IEEE 802.16 – The Origin of WiMax

In 1999, the Institute of Electrical and Electronics Engineers (IEEE) Standards Board established the IEEE 802.16 Working Group on Wireless Standards (also known as IEEE 802 LAN/MAN Committee), which aims to prepare formal specifications for the deployment of Wireless Metropolitan Area Networks (WMAN) around the world. This family of standards is officially named WirelessMAN, but was later changed to Worldwide Interoperability for Microwave Access (WiMax) by an industry group called the WiMax Forum, with a mission to certify and promote interoperability and compatibility of wireless products.

It was on December of 2001 when the first 802.16 standard was approved for point to multipoint broadband wireless transmission in the 10 to 66 GHz band. There were a lot of amendments made to this standard, which include these two: 802.16 – 2004 (also called as Fixed WiMax) and 802.16e – 2005 (also known as Mobile WiMax). Now what are differences between these two?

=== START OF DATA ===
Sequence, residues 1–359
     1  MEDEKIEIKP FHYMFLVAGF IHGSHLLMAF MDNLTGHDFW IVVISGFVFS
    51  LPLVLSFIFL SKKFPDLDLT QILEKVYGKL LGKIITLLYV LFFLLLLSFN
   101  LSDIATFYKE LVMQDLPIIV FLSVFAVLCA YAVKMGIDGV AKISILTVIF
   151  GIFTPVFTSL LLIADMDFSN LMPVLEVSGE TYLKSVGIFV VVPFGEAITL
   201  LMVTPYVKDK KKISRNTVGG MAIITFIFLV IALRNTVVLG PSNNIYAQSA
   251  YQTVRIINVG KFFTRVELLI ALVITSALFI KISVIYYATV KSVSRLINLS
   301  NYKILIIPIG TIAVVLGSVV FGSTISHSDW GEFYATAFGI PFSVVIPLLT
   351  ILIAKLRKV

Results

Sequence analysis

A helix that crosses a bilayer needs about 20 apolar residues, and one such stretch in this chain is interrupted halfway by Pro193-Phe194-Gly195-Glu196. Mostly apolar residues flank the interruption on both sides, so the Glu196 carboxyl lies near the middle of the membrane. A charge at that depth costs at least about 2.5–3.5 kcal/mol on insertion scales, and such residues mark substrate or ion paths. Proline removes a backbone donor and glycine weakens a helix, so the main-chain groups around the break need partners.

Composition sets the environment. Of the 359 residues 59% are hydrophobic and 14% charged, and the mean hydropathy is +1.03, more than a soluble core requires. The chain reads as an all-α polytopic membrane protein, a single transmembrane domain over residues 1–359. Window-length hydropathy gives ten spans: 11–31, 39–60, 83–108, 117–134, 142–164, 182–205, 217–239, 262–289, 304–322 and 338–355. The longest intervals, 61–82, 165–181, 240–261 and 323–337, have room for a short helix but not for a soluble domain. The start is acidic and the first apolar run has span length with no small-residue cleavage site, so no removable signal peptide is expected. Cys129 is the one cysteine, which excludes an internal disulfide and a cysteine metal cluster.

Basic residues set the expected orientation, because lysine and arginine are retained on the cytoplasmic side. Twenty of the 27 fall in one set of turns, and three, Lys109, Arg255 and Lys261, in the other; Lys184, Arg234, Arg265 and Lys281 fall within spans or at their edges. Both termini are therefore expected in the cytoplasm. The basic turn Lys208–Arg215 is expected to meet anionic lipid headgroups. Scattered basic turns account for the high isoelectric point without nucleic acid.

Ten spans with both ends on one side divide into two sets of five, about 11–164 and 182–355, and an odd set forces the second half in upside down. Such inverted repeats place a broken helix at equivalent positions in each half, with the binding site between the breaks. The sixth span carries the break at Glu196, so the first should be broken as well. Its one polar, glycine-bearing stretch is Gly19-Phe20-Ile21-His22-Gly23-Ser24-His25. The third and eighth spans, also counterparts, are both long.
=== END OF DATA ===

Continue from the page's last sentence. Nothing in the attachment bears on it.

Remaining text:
Fixed WiMax provides point to point and point to multi-point solutions. It supports fixed broadband wireless access over lower frequency and non-“line of sight” wireless connection from a base station to a subscriber station. Such service is expected to deliver 40 Mbps for fixed and portable access applications.

On the other hand, Mobile WiMax takes a fixed application a step further to allow any telecommunication to go mobile. Though considered as more complex, this enables handsets, data devices and mobile phones on a much larger scale. Such technology must support a wireless connection from a base station to another while the subscriber is moving, without any interruption. This standard was completed in December of 2005.

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